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Since leaving my accounting job in September 2016 up until mid-December 2018, I’d flown 624,998 miles — including 309,306 miles in economy and another 73,955 miles in premium economy — on 46 different airlines.

For most people, that’d already be way too much flying. However, I found an “issue” when counting up my miles for 2018. So, I tossed it out to the internet:

OK, maybe the choices were a little skewed. Unfazed by the multiple choice options, some TPG readers made their opinions heard:

Others reached out to check if hitting 300k would get me any additional status or benefits:

Sure enough, I’d already hit almost exactly 150,000 American Airlines Elite Qualifying Miles — and taken an unnecessary connection to do so. That threshold automatically came with two extra systemwide upgrades, but I’ll have a choice between three options if I hit the threshold next year.

But, flying 1,700 more miles to hit 300,000 butt-in-seat miles for 2018 wouldn’t get me anything besides bragging rights. While the silent majority of voters voted for me to take the extra flights, the logical part of my brain said it was dumb to spend extra money just to hit this arbitrary threshold.

However, my editor salivated at the story (this story you’re reading). And, as someone who feels more at home in the sky than on the ground, it didn’t take much arm-twisting to convince me to take a look at my options. I was planning to go from Atlanta to Birmingham, AL to celebrate Christmas with my family. Katie and I had already secured a one-way car rental on Christmas Eve for just $85 through AutoSlash (side note: AutoSlash is an absolute game-changer for those seeking one-way trips.)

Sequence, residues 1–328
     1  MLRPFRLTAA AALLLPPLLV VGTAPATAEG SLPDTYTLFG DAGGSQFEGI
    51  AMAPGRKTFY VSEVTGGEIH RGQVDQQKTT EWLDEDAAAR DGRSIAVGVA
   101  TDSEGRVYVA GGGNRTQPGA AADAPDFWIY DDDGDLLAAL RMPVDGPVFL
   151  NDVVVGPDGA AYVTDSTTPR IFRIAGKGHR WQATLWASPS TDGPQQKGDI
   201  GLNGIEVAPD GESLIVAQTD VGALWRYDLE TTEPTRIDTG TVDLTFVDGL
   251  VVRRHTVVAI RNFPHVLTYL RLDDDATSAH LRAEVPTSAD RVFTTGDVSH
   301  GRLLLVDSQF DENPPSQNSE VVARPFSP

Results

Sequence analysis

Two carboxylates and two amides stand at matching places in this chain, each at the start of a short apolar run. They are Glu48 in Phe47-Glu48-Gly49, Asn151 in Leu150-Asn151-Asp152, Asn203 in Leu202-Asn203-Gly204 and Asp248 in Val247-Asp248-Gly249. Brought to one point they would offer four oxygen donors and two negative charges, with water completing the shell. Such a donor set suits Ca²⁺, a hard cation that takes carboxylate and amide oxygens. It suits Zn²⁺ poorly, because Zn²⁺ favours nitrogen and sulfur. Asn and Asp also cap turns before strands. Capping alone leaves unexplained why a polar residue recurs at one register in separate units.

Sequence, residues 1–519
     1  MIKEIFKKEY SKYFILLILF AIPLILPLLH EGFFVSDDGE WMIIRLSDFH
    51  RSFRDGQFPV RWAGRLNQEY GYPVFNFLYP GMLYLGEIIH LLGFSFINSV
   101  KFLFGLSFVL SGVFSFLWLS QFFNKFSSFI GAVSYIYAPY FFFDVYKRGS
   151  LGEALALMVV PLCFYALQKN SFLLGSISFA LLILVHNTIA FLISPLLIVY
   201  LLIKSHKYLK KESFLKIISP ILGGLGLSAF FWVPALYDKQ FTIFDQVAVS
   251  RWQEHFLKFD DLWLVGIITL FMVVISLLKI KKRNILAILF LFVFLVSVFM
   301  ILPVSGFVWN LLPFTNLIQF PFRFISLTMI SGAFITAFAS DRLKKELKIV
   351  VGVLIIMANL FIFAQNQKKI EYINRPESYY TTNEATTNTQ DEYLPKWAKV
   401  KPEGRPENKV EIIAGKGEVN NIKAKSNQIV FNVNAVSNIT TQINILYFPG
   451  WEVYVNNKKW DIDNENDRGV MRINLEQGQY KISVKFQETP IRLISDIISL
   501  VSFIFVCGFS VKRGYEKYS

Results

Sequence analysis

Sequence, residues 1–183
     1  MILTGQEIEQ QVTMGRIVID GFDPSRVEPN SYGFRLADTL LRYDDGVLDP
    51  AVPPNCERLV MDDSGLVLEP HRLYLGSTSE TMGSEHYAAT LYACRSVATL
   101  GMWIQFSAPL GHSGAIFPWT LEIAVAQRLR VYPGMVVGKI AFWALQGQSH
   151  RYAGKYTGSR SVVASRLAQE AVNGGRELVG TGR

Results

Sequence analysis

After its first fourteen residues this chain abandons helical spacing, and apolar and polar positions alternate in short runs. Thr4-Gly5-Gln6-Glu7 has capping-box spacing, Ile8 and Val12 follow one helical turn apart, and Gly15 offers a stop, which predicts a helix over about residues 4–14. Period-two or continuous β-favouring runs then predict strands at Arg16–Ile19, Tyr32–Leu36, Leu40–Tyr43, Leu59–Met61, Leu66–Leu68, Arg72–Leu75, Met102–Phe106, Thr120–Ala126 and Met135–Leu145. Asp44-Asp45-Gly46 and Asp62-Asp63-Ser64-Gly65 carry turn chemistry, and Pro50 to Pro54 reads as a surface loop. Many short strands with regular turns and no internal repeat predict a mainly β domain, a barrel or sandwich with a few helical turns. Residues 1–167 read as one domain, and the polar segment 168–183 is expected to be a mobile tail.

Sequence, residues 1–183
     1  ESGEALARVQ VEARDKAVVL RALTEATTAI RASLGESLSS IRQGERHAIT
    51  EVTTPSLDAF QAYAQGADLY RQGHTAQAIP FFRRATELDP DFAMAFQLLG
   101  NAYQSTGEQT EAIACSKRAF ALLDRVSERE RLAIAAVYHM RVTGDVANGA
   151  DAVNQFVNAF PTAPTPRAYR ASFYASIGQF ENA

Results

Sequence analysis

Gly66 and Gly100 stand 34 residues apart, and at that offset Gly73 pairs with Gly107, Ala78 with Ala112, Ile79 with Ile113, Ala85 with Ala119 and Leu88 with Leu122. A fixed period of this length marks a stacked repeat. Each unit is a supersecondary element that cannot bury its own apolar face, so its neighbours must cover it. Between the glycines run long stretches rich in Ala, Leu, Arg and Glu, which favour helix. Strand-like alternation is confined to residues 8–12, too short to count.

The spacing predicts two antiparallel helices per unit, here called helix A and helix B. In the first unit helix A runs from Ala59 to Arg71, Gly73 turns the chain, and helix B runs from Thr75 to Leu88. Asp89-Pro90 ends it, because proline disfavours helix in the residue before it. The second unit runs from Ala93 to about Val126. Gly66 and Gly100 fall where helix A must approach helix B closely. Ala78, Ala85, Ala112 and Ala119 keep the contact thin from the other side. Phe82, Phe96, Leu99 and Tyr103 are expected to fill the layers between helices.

However, the last-minute flights from Atlanta-Denver and Denver-Birmingham were a reasonable $284 total on Frontier — cheaper than the $399 nonstop Delta flights from Atlanta-Birmingham — before bag fees. At 2,278 combined flight miles, it’d get me over 300,000 direct flight miles for the year. So, we booked my first flights on Frontier. This would add Frontier as my 28th airline of 2018 and 64th airline since I started logging my flights on OpenFlights.

As I was getting on the plane though, doubt set in. What if weather or mechanical issues meant that this ridiculous trip would mean I’d miss Christmas Eve with my family? Thankfully everything worked out and the Frontier flight from Denver to Birmingham even landed early.

Now that I’ve reached this arbitrary 300,000-mile threshold and I’m done flying for the year, let’s take a look back at my stats for the year.

  • Direct flight miles: 300,570
  • Airlines: 28
  • Airports: 68

  • Countries: 27
  • Unique routes: 104
  • Aircraft types flown: 30

  • Most-flown aircraft type: Boeing 737-800 (24 segments)
  • Most-flown airports: Atlanta (ATL), Dallas/Fort Worth (DFW) and Charlotte (CLT) — 18 segments each
  • Most-flown airline: American Airlines (75 segments)
Bingo: An American Airlines (my most-flown airline) 737-800 (my most-flown aircraft) first class seat for a flight from Atlanta to Dallas (two of my most-flown cities).
Bingo: An American Airlines (my most-flown airline) 737-800 (my most-flown aircraft) first class seat for a flight from Atlanta to Dallas (two of my most-flown cities).

Do I regret taking these unnecessary Frontier flights to hit the 300,000-mile threshold? Not at all. Do I still feel like it was an absurd thing to do? Absolutely. Do I plan to hit 300,000 miles again in 2019? Probably not. That was a ton of flying — especially with 210,950 of those miles in economy, premium economy or domestic first class. That said, I never set out to hit 300k miles in 2018, so I guess we will have to see what happens.

Know before you go.

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